Share this page:
Stay connected:
Welcome to the Citywire Money Forums, where members share investment ideas and discuss everything to do with their money.

You'll need to log in or set up an account to start new discussions or reply to existing ones. See you inside!



Insurance for inheritance tax
H Williams
Posted: 02 February 2018 12:06:13(UTC)

Joined: 02/02/2018(UTC)
Posts: 1

Does anyone have any advice for life insurance regarding inheritance tax planning?

Is it possible to take out a policy to cover your tax liability?

I know its a little expensive, but seems like a good way to keep the estate in tact.

Also any advise on brokers? I have found these to be the cheapest so far:

Many thanks in advance.
philip gosling
Posted: 02 February 2018 14:07:45(UTC)

Joined: 06/01/2013(UTC)
Posts: 153

Thanks: 35 times
Was thanked: 199 time(s) in 96 post(s)

You could take out Whole of Life policy, put it into 'trust" with the insurance company by writing who you would want the trustees to pay the money out to - thus stopping the insurance money being counted as part of your estate for Inheritance tax. That is a guarantee to pay out for you or with second death you and a partner but it is expensive insurance. Or you could 'gamble' and pay a lot less maybe only 20% of the premium by going for say 30-40 years life insurance so you/partner would have to die in that period for any payout. you would need to be around 39 or so for this to save a lot in monthly /annual premium. Initially just google life insurance and then examine whole of life or fixed number of years to get an idea of the prices. Also need to work out how much Inheritance tax your estate would be liable for - 40% tax after allowances If you have a large estate well over 1-2 million you maybe need advice from a wealth management firm not just an insurance broker - but they are expensive. My wife and I used Legal & General for a whole of life second Death Policy. My son used Aviva for a 40 year life insurance on himself. Good luck. Do not go for cheapest because you want them to be around in 30-40 years to pay out!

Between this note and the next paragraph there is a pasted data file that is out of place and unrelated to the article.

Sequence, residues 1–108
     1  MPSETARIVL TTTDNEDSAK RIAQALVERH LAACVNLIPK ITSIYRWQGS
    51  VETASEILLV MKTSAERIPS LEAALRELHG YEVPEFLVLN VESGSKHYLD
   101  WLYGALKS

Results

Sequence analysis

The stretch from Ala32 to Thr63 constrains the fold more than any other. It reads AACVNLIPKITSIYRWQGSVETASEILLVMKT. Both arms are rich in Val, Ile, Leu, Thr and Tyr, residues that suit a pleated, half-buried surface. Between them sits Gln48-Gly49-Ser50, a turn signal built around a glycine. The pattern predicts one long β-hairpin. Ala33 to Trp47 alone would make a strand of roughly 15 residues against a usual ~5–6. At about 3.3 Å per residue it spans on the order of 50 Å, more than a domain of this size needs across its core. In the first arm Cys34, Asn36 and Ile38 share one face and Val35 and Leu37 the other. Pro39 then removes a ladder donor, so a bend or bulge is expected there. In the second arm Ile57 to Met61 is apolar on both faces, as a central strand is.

2 users thanked philip gosling for this post.
RBLEZ on 02/02/2018(UTC), Guest on 03/02/2018(UTC)
Money Spider
Posted: 02 February 2018 23:49:35(UTC)

Joined: 11/01/2013(UTC)
Posts: 123

Thanks: 52 times
Was thanked: 254 time(s) in 87 post(s)
If you are worried about IHT then I think that you need a much broader IHT mitigation strategy. Assuming that you are talking about your own estate, it will depend (amongst other things) upon:
  • Your age and health/life expectancy.
    Your outgoings and pension provision.
    Your income.

You can consider:
  • Discretional trusts and discounted gift trusts
    investments that qualify for BPR (Business Property Relief)
    Annual Exempt Gifts
    Gifts from Income
    Potentially Exempt Gifts

If you haven't already figured this out (and you probably have) IHT is multi-dimensional. There are many actions that you can take to mitigate it, but you need to get informed and plan with sufficient time to implement your plan.
Alan Selwood
Posted: 03 February 2018 00:33:36(UTC)

Joined: 17/12/2011(UTC)
Posts: 2,735

Thanks: 561 times
Was thanked: 4570 time(s) in 1643 post(s)
A good estate planning firm of solicitors will probably be more unbiased and cheaper than a wealth manager, IMHO.
+ Reply to discussion


Other markets